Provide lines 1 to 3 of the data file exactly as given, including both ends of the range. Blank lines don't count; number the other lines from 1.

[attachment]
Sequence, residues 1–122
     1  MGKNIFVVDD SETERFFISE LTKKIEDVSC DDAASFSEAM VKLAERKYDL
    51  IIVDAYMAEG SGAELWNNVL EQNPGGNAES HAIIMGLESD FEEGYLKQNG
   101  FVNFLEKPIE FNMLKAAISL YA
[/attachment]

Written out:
Sequence, residues 1–122
     1  MGKNIFVVDD SETERFFISE LTKKIEDVSC DDAASFSEAM VKLAERKYDL
    51  IIVDAYMAEG SGAELWNNVL EQNPGGNAES HAIIMGLESD FEEGYLKQNG